Sunday, July 23rd, 2017
Wednesday, July 12th, 2017
Kate’s book—a “jolly dystopia”—will get published if enough of us pledge to back it. So let’s get pledging!
There’s a curiously coloured scheme afoot in Blighty. In an effort to tackle dispiriting, spiralling levels of crime and anti-social behaviour, the government has a new solution: to dye offenders purple.
Tuesday, June 27th, 2017
Here’s the website for Alla’s forthcoming book. You can sign up to a low-volume mailing list to get notified of updates.
Alla’s book is going to be a must-have (I know because I’ve been reviewing it as she’s been writing it). Pre-order it now. It’s out in September.
Tuesday, June 20th, 2017
Beautifully designed and typeset eBooks of royalty-free works—yours for the taking and reading.
There’s a styleguide if you want to get involved on the production side too.
Wednesday, June 7th, 2017
This is what Jessica has been working on for the past year—working very hard, I can attest.
This wrap-up post is a fascinating insight into the translation process.
Sunday, June 4th, 2017
I remember when I was first recommended to read Kim Stanley Robinson. I was chatting with Jon Tan about science fiction, and I was bemoaning the fact that dystopias seem to be the default setting. Asking "what’s the worst that could happen?" is the over-riding pre-occupation of most sci-fi. Black Mirror is the perfect example of this. Mind you, that’s probably why the ambiguous San Junipero is one of my favourites—utopia? dystopia? dystutopia? You decide.
Anyway, Jon told me I should check out Kim Stanley Robinson’s Three Californias; one book describes a dystopia, one book describes a utopia, and the other—his debut, The Wild Shore—is more ambiguous. I liked the sound of that, but I decided that if I were going to read Kim Stanley Robinson, I should start with his most famous work, the Mars trilogy.
So I read Red Mars. I liked it, but I found it tough going. It’s not exactly a light read. I still haven’t read Green Mars or Blue Mars, though I plan to. I can see why Red Mars is regarded as a classic of hard sci-fi, but it left me somewhat cold. Jessica read The Years of Rice and Salt and had a similar reaction—good premise, thoroughly researched, but tough going.
When I heard about 2312, I couldn’t resist its promise of a jaunt around the solar system. Again, I enjoyed it, but the plot—such as it was—didn’t grab me. I loved the ideas presented in the book. Heck, it inspired one of my Science Hack Day projects. Still, I found that its literary conceit wasn’t enough to carry the book—a character from Saturn who’s saturnian in nature meets a character from Mercury who’s mercurial in nature.
So I was kind of bracing myself for Aurora. Again, the subject matter really appealed to me. I’m a sucker for generation starships. Brian Aldiss’s Non-Stop was a fun read, although in typical Aldiss style, it was weird to the point of psychedelia (even if it looks positively tame next to the batshit crazy world of Hothouse). I was looking forward to reading Robinson’s hard science take on the space ark idea, but I was worried about how much of a slog the writing might be. I read some reviews and listened to some podcasts, and my heart sank when I heard about how the story is partly told by the ship’s AI, who is simultaneously trying to work out how to tell a story. It sounded just like one of those ideas that would be fine for a brief period, but which I could imagine Kim Stanley Robinson dragging out for hundreds of page.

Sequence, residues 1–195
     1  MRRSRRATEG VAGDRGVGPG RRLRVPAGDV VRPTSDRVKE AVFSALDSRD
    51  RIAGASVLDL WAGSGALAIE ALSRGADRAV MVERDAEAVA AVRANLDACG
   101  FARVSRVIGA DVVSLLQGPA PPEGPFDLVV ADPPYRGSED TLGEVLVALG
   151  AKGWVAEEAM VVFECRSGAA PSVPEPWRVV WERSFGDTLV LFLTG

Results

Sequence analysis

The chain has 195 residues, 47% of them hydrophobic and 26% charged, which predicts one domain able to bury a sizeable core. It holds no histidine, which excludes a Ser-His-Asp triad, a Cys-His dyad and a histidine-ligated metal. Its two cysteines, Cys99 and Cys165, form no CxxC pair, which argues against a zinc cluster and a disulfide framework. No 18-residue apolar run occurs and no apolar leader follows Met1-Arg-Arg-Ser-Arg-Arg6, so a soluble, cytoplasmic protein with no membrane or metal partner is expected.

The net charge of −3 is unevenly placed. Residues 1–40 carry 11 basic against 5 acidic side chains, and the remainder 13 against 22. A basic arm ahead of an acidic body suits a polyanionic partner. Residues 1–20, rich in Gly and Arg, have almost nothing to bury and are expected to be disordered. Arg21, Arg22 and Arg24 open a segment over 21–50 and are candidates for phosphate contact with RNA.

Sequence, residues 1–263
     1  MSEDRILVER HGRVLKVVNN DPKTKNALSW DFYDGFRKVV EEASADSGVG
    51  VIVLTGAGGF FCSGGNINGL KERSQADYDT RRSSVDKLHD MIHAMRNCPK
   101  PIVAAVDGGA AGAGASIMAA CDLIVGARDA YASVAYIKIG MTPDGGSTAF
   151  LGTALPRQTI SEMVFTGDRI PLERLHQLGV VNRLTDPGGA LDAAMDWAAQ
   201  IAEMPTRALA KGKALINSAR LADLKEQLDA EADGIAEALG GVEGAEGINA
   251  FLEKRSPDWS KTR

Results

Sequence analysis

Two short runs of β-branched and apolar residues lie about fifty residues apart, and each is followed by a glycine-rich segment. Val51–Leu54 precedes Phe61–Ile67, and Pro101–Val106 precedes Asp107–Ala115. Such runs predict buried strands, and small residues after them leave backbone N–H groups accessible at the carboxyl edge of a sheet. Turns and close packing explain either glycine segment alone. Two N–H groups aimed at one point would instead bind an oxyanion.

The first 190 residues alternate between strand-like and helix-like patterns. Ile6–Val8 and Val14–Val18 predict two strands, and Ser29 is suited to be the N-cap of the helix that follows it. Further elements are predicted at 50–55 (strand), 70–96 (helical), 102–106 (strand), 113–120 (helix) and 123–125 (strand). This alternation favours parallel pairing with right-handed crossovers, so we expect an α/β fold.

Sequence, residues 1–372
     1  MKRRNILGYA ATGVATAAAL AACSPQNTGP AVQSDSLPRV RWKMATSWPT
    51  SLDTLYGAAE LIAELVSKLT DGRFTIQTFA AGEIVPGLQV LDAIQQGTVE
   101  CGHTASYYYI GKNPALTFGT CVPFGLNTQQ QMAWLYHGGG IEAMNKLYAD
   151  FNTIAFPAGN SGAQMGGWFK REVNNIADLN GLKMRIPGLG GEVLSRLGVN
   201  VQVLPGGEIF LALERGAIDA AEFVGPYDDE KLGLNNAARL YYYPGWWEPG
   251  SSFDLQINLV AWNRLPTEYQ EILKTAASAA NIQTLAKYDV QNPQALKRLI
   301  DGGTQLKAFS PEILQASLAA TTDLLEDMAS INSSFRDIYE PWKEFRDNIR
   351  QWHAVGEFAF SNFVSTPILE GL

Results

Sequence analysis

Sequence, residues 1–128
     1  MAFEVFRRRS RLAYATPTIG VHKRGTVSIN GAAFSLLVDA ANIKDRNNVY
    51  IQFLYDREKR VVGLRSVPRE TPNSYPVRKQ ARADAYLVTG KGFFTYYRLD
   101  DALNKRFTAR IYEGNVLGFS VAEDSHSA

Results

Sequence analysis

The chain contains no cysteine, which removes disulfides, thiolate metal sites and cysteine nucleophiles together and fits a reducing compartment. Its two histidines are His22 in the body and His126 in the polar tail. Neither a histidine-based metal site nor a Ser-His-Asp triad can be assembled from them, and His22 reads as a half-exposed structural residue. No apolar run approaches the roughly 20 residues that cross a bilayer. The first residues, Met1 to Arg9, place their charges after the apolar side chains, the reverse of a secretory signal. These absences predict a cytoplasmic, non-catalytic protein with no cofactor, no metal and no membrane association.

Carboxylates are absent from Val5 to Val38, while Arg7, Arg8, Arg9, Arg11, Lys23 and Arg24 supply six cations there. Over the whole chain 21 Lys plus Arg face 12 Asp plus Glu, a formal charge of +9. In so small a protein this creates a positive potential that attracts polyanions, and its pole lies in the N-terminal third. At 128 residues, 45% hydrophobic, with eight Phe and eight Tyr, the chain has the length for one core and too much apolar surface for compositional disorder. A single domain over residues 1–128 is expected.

Imagine my surprise when Aurora turned out to be an absolute pleasure. Not only does it have the thoroughly-researched hard science angle of Robinson’s other books, it’s also a rip-roaring tale, in my opinion. I had read of misgivings with the structure of the book—complaints that the story climaxes before the book is halfway done—but I think that misses the point of the story. This is not your typical tale of colonisation. Far from it. Kim Stanley Robinson is quite open about the underlying idea here, that there are certain endeavours that are simply beyond our capacity.
I know that sounds like a very pessimistic view, but I found the book to be a real testament to human ingenuity. But it certainly ruffled quite a few feathers. Like I said, the default setting for most sci-fi is to go negative, but for a sci-fi writer to claim outright that something cannot be done is audacious, and flies in the face of sci-fi tradition.
Gregory Benford wrote a review over on one of my favourite blogs, Centauri Dreams. He takes Robinson to task for stacking the deck against the crew of the ship in Aurora—an inversion of the usual deus ex machina plot devices. I find that criticism puzzling when another review, also on Centauri Dreams, by Stephen Baxter, James Benford and Joseph Miller, takes the book to task for being scientifically naïve.
For me, Aurora was perfectly balanced. It simultaneously captured the wonder of scientific exploration and our own insignificance in the universe. Best of all, it featured central characters that I was utterly invested in—one human, and one artificial. Given my previous experiences with Kim Stanley Robinson books, that was perhaps its greatest achievement. Whereas I might have previously recommended something like 2312, I would have certainly caveated the recommendation. But I wholeheartedly recommend Aurora. It’s easily the best Kim Stanley Robinson book I’ve read so far, and one of the finest science fiction books of recent years. It makes a great companion piece to Neal Stephenson’s Seveneves—not only are they both dealing with space arks, they’ve also got some in-depth descriptions of angular momentum in action, and they’re both thoroughly enjoyable stories that stretch beyond a single human lifespan.